Thomas Godfrey Memorial, Wilmington
The grave marker, approximately three feet tall, is a rough cut block of granite with a partially polished face. The face bears an inscription to the memory of Godfrey.
NEAR THIS SPOT LIES / THOMAS GODFREY / BORN IN PHILADELPHIA PA. 1736 / DIED IN WILMINGTON N.C. 1763 / AUTHOR OF / THE PRINCE OF PARTHIA / THE FIRST DRAMA WRITTEN / BY AN AMERICAN AND / PRODUCED UPON THE / PROFESSIONAL STAGE IN / THE COLONIES / ERECTED BY / THE N.C. SOCIETY COLONIAL / DAMES OF AMERICA / 1929
St. James Church, Wilmington
April 4, 1930
34.235520 , -77.944690
"The Lives and Work of Doug and Kay Swink," Thalian Hall Center for the Performing Arts, Inc., (accessed February 20, 2013) Link
"Thomas Godfrey (1736-1763)," English Poetry 1579-1830: Spenser and the Tradition, CATH, (accessed February 20, 2013) Link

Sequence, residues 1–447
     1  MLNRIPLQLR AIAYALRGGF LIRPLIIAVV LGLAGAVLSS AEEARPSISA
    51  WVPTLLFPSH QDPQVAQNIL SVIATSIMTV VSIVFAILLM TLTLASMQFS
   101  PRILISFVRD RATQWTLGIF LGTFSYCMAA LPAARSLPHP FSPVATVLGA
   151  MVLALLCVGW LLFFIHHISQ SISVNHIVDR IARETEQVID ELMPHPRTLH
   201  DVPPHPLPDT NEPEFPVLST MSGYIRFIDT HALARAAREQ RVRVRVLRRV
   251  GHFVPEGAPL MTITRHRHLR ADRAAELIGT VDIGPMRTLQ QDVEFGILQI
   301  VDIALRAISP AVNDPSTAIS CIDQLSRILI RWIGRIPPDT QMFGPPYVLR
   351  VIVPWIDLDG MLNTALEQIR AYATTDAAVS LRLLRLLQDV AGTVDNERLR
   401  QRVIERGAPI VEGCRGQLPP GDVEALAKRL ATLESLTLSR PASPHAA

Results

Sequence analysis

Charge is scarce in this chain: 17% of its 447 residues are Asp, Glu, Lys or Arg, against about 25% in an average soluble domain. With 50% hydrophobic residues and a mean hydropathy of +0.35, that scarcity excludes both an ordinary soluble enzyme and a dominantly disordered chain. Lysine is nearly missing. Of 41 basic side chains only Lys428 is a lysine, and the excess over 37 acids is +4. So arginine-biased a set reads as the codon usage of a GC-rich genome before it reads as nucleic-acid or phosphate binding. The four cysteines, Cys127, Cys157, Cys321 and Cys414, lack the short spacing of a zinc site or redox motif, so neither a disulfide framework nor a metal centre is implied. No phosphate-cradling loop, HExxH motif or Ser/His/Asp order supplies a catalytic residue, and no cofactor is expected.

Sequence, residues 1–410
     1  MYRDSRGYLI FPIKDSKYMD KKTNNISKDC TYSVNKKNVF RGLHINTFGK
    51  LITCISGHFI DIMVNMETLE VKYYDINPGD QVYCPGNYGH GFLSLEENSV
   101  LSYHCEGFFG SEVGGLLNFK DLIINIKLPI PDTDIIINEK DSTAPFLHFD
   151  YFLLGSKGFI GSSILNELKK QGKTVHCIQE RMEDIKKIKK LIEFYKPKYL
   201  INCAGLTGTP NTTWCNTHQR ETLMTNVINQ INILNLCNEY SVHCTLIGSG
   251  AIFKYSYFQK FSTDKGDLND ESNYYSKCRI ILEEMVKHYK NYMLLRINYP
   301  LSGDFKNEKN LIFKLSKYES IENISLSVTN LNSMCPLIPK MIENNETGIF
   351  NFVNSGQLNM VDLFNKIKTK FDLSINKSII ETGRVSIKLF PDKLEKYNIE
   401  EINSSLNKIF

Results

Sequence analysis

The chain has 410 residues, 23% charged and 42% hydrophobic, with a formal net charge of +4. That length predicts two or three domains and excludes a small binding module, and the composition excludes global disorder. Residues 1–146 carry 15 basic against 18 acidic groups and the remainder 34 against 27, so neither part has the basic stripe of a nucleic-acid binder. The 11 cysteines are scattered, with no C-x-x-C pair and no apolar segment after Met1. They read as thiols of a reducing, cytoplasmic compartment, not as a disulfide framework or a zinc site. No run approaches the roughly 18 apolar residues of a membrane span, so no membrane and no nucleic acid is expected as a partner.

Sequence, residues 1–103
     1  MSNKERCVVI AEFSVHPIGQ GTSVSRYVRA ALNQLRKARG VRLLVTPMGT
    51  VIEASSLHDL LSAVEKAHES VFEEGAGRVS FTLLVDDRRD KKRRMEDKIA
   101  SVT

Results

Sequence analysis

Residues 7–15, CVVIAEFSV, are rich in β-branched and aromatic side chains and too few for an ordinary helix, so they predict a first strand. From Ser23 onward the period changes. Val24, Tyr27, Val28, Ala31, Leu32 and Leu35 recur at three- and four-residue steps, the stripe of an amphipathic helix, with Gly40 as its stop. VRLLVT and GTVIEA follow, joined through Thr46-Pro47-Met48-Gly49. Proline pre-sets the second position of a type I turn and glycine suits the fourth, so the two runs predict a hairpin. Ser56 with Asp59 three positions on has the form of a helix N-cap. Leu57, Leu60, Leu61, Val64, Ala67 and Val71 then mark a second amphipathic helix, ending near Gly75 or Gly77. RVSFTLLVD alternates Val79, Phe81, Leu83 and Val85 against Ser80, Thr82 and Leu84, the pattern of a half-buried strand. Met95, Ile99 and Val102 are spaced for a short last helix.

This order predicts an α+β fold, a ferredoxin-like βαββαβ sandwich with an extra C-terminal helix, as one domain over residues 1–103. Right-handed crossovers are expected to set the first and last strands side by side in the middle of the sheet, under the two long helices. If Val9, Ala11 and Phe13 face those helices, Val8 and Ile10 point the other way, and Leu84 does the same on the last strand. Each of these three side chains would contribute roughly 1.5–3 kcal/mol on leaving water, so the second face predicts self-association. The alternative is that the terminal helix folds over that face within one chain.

"Thomas Godfrey Memorial," Panoramio.com, (accessed February 20, 2013) Link
Barefoot, Daniel W. Touring the Backroads of North Carolina’s Lower Coast. Winston-Salem, N.C.: J.F. Blair, 1995, 207. Link
Godfrey, Thomas. "The Prince of Parthia A Tragedy," (accessed February 20, 2013) Link
McEachern, Leora H. 1985. History of St. James Parish, 1729-1979. Wilmington, N.C.
The N.C. Society of Colonial Dames of America
Thomas Godfrey was born in Philadelphia, the son of Thomas Godfrey the inventor. The elder Godfrey was the inventor of the navigation instrument, the octant. The younger Godfrey had a very short life, living to the age of twenty-seven. He served in the Seven Years' War after being apprenticed to a watch maker, and subsequently located to Wilmington where he worked as a merchant's factor and where he reportedly wrote "The Prince of Parthia." The play has been regarded as the first to be written and performed in the American Colonies. Godfrey also penned a number of poems.
The marker is located in the graveyard of St. James Church, on the corner of 4th and Market Streets.
The marker sits in the grass in the graveyard next to the church buildings. The graveyard is separated from the street and sidewalk by a low gridiron fence and is graced by shrubs, plantings, and mature shade trees.
The N.C. Society of Colonial Dames of America were given permission in February 1829 to erect a stone to Godfrey's memory in the graveyard.